The coefficient of the variation () represented the ratio of the standard deviation (σ) to the mean (), and it was a useful statistic for evaluating the variation degree of the data series. Smaller value of indicates better uniformity among the elements of the data series. The estimated value of for the data (Figure 4(b)) was approximately 4.05%, which indicates good uniformity in MFL signal detection performance of all the seven TMR elements.

The sensitivity area of a single TMR along a circumferential direction of a wire rope is very limited. When the TMR deviates from the defect location, its output MFL signal amplitude will rapidly decrease. This may lead to a reduction in detection probability of broken wires located at the middle of the two contiguous TMR elements. Figure 5(a) illustrates the results, which can be used to certify these conclusions. A blind hole with a diameter and depth of 0.5 mm was located in the middle of TMR’s elements #4 and #5, while another blind hole was located directly beneath the TMR’s #1 element. The amplitudes of the output signals of elements #4 and #5 were found to be lower than that of element #1 by approximately 25%. This may lead to failure in the detection of small flaws that is exactly in the middle of two adjacent TMR elements. Therefore, for the tested wire rope with a given diameter, it is better to arrange TMR elements as much as possible along the circumferential direction of the wire rope to improve the detection probability and circumferential spatial resolution of the sensor array. It should be noted that the plastic holder of the sensor array shown in Figure 2(a) could accommodate up to seven TMR elements.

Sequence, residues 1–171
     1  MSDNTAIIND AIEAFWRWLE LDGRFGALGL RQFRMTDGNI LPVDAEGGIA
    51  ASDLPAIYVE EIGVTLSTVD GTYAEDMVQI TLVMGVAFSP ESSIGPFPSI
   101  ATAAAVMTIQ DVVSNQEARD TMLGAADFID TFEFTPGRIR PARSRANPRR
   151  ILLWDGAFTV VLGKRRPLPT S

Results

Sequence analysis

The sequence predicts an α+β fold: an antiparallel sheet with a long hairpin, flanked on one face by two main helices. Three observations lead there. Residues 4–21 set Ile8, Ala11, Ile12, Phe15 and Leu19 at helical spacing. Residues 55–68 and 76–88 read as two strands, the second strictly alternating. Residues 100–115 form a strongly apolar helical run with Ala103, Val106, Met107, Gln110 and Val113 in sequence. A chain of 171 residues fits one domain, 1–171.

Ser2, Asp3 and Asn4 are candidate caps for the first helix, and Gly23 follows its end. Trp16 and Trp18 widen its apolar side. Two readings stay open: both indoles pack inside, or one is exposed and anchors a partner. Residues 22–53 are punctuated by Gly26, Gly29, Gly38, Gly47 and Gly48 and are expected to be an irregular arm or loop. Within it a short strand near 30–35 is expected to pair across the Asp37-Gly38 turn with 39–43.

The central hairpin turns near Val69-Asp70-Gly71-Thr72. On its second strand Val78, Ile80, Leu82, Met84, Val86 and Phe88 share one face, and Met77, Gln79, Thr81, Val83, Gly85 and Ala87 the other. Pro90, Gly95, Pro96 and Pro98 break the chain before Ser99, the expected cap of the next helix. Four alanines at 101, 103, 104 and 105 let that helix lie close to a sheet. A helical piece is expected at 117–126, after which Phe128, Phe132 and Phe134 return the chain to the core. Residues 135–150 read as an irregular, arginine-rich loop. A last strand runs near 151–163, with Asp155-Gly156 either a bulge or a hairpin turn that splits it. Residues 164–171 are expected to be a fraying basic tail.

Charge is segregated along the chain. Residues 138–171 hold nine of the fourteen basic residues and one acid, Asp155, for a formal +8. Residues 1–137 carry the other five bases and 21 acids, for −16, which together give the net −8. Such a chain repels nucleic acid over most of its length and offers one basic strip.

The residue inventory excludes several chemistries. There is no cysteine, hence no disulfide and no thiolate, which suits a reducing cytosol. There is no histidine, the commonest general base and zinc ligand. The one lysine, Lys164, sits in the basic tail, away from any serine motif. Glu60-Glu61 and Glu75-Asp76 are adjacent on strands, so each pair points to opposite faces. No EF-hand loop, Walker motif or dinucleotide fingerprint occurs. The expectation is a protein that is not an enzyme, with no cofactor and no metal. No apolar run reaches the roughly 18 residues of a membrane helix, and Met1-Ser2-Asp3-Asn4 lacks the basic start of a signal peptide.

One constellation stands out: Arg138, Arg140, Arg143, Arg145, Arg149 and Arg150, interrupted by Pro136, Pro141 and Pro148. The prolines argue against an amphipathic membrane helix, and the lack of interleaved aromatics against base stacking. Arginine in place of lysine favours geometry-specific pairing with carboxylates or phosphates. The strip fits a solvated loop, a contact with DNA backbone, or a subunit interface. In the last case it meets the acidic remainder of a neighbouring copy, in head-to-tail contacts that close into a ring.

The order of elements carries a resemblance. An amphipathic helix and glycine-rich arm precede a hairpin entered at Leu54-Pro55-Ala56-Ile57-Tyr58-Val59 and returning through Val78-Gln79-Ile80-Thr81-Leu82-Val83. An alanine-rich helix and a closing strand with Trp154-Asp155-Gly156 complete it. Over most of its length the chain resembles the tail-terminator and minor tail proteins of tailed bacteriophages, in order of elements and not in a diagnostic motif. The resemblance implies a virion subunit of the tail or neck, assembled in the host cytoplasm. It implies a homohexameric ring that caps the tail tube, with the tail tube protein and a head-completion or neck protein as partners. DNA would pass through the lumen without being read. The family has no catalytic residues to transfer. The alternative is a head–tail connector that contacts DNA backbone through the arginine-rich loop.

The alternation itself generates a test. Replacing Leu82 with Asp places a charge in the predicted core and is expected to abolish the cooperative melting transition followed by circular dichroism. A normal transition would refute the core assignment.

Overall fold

Compared to the blind holes, slight wear defects with varied loss of metallic area are more difficult to detect using the MFL method. A notch with an axial extension of 20 mm and a circumferential degree of 44° was machined in a steel rod with a diameter of 14 mm for the purpose of simulating the loss of metallic area defects. The maximal depth of the notch was 0.5 mm. Once again, the proposed circular sensor array scanned along the rod, and the received MFL signal amplitudes were plotted as a polar chart as shown in Figure 5(b). A linear interpolation was applied to the signals for the purpose of generating the scanning image for defect visualization. Since the circumferential degree of the notch was concentrated in the sensitive range of a single TMR, in the polar chart the estimated amplitudes distribution is exhibited in obvious directionality. The maximal MFL signal amplitude could be obtained only when one of the TMR elements was placed above the notch. In the scanning image results, the two separated MFL signal indicators could be clearly distinguished. They displayed an opposite feature in a signal phase, which represented a typical axial wear defect. The axial extent of the notch could then be roughly estimated by the distance between these two signal indicators as having a value of 20.16 mm.